2. The relationship is not healthy. Any time a relationship is based in prostitution, I'm a little skeptical. Adult entertainment is a high stress, high risk job, and jealousy is going to be an issue, no matter how openly you communicate. Michael accepts her as a client, despite knowing that he's probably going to get too attached (and he does, spoiler: because obviously). They move from "educational sex lessons" to "educational fake relationship lessons," which basically consist of them going through the motions of a real relationship whilst lying to themselves about how they really feel about one another. Worse still, in the last act, Michael becomes this alpha stereotype, claiming that he's going to beat up this other guy for kissing Stella against her will and then later, when Stella goes out with the Kissing Assaulter on a date(!), he interrupts their date to punch the other guy in the eye while talking about how he's going to make the guy choke on blood or something like that. It's also pretty clear from the get-go that there is a definite economic imbalance between them, as Stella is wealthy and comes from money and Michael is poor and in debt (as she found out from reading his mail). Towards the end of the book, she donates fifteen million dollars to the hospital where his mother is receiving cancer treatments, so they'll treat his mother for "free." This felt so weird to me, because if she wanted to pay for his bills, why not just pay the bills - why sneak about it behind his back in some grand gesture that ends up depleting her entire trust fund account? When he breaks up with her (for her own good, of course), she almost resigns from her well-paying job on the spot to pursue him. Feelings that strong and that reckless aren't healthy - that's more like an addict w/ a fix.

3. The relationship is superficial. We're told over and over again that Stella feels comfortable with Michael in part because he's so attractive, she just can't help herself (he looks like Daniel Henney). Michael also founds Stella wildly attractive, and is absolutely thrilled that she wasn't lying about being thirty when she sent in the app, in fact, she says that she looks barely legal despite being older than him by two years! OH BOY! She's also thin and curvy, with "porn star nipples" that he says "men and babies both dream about" and a body that would make her perfect at pole dancing, not to mention that she's suddenly incredible at sex under his brilliant tutelage and comes like a porn star. We're led to believe that Michael is this great guy for being so considerate about her autism but it feels more like he's liking her despite her autism and making all these concessions for her (because he's actually annoyed with her at times for her behavior, and sends her mixed signals about them that I imagine an actual autistic person would find very confusing). At least in LOVE AND OTHER CHEMICAL REACTIONS, it's clear that Nero loves Kaya for who she is, whereas it kind of feels like Michael just likes Stella because she's good at sex and doesn't know how attractive she is, and brings out his alpha male protective instincts. In some ways, it kind of reminded me of a gender-swapped version of PUDDLE JUMPING, another autistic romance I had many problems with.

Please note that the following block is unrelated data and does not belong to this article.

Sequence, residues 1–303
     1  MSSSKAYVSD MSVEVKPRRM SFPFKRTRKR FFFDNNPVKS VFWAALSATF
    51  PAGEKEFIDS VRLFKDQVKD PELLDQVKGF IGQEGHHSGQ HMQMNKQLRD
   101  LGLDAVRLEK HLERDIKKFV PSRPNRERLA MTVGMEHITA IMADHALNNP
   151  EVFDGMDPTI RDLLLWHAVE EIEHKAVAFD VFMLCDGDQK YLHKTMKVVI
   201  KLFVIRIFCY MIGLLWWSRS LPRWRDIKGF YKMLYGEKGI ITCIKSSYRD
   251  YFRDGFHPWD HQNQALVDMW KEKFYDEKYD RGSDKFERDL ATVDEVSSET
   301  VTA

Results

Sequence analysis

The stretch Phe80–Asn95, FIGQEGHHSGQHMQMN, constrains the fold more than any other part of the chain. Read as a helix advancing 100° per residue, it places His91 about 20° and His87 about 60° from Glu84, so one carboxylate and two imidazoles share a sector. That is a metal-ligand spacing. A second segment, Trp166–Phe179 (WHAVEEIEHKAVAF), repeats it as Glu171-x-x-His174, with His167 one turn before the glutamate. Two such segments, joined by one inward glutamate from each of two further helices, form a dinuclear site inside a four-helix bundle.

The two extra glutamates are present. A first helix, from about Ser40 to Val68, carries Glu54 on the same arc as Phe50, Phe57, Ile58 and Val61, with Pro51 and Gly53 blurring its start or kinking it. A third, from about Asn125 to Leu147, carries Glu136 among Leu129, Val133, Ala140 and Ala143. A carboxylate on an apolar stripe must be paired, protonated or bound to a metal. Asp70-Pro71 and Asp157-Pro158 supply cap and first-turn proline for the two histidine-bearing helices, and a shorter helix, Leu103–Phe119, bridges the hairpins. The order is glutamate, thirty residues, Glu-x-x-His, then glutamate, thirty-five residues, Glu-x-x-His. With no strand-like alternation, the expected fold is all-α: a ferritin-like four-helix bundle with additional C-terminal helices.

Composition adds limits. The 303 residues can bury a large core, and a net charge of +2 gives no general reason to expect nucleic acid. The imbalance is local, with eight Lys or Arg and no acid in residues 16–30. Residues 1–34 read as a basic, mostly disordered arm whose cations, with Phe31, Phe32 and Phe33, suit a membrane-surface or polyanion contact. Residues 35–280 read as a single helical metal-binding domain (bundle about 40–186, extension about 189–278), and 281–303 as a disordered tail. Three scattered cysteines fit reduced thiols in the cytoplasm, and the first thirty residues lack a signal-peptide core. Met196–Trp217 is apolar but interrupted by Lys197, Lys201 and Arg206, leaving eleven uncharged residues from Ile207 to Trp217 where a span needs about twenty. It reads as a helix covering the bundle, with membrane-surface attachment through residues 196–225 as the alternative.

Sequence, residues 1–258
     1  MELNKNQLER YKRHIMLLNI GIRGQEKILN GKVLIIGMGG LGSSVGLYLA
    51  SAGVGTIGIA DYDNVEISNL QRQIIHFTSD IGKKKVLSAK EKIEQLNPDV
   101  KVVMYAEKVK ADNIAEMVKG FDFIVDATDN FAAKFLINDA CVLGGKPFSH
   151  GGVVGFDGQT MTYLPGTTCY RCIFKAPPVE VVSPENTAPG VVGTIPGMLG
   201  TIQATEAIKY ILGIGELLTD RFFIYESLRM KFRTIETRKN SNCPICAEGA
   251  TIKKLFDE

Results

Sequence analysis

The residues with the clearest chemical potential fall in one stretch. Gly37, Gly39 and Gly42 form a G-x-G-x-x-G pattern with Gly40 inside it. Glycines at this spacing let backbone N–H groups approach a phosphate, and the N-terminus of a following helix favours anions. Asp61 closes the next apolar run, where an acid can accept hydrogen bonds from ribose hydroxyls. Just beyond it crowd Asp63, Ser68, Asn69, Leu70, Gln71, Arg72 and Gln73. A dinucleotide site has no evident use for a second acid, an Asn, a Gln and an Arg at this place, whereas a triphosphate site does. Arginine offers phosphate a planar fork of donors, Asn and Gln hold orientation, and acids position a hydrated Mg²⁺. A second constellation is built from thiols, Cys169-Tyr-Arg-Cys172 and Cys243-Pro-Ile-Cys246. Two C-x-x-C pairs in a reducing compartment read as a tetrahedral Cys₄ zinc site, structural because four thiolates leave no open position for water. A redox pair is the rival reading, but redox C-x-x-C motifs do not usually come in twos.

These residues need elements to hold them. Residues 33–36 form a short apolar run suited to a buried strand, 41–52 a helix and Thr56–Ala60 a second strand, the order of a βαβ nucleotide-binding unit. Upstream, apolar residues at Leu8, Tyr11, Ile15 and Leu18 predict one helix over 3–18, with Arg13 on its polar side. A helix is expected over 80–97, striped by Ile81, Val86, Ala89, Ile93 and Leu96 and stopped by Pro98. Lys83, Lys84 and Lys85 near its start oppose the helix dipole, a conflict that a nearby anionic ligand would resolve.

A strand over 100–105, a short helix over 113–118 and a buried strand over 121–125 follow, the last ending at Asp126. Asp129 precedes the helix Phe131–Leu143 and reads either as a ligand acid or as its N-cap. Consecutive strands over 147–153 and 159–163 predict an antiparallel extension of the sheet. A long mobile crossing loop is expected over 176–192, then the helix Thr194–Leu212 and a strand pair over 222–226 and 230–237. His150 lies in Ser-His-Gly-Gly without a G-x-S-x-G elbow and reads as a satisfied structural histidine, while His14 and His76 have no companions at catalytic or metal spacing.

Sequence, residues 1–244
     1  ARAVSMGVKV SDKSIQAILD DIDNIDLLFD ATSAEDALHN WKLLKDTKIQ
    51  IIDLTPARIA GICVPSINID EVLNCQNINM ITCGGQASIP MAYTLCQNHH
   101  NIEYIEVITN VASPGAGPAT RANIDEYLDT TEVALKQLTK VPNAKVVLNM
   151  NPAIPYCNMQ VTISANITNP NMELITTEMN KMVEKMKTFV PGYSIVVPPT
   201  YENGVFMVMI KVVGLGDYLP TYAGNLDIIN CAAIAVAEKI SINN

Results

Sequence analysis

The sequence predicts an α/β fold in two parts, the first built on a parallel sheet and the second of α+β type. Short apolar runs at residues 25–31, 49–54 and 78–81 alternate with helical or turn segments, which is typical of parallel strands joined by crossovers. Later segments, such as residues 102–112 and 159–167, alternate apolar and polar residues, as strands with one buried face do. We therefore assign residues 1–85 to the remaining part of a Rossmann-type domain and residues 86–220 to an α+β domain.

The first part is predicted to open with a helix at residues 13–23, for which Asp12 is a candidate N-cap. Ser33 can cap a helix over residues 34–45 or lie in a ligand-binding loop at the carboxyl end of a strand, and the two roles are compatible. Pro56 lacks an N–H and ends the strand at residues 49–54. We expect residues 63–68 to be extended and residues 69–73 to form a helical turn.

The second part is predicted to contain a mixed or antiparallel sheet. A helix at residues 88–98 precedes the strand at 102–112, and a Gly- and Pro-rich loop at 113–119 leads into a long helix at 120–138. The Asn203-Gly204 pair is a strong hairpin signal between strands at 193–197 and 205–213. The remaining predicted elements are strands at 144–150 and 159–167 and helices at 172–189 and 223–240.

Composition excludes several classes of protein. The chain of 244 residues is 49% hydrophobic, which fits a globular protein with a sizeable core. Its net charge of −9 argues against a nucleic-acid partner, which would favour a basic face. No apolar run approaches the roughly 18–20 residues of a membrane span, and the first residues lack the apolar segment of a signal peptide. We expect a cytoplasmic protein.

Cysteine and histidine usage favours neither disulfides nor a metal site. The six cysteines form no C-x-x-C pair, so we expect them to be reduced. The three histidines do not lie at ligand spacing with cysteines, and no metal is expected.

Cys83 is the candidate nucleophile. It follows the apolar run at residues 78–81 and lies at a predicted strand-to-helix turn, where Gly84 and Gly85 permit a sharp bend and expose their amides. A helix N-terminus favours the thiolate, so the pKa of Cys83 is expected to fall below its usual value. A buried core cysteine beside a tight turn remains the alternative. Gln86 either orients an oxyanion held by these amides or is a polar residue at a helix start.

4. Philip. He's such a creep. Forcing himself on Stella and hitting on interns and employees at the office? How the hell does he still have a job? Stella totally seems to take his behavior for granted, and apart from the punch in the eye Michael gives him, he doesn't face any sorts of consequences for his behavior. For such a "progressive" romance, it was weird to see one of the villainous characters in this book get away with what would be considered a form of assault by some people.

5. The sex scenes were actually kind of awkward. I didn't really feel their dirty talk. Michael said some pretty odd things and so did Stella, including telling Michael that French kissing reminded her of pilot fish cleaning a larger fish's teeth. The weird porn star remarks and the comment about boobs that babies would love were just the cherries on this bizarre sundae of bad artistic choices.

I don't think this is a bad book, per se, and I would be interested in reading more by this author in the future - especially since it looks like she has yet another #OwnVoices romance with an autistic character coming out (one of Michael's cousins). I think the escort angle made this book awkward, even though the author said in her author's note that she was trying to go for a Pretty Woman vibe, maybe because she wasn't quite sure how to portray some of the complex gender role crises that could arise from a relationship of this type. I did think it was odd, for example, that Michael didn't feel any shame about his escort services but was embarrassed about being a tailor/fashion designer. Things I did like: I loved Michael's family and Stella's mom (hated her dad - and Michael's too; all the dads in this story just seem to suck), and thought the econometrician angle was interesting (I'd never known that was the science responsible for AI-generated recommendation algorithms on commercial websites). I probably would have liked this more if I hadn't read LOVE AND OTHER CHEMICAL REACTIONS first, but it wasn't as bad as puddle jumping, and if people with autism relate to this story and feel like they're seeing themselves in a romantic story for the first time, that can't be too bad of a thing. I wish this author luck with her next effort.

3 out of 5 stars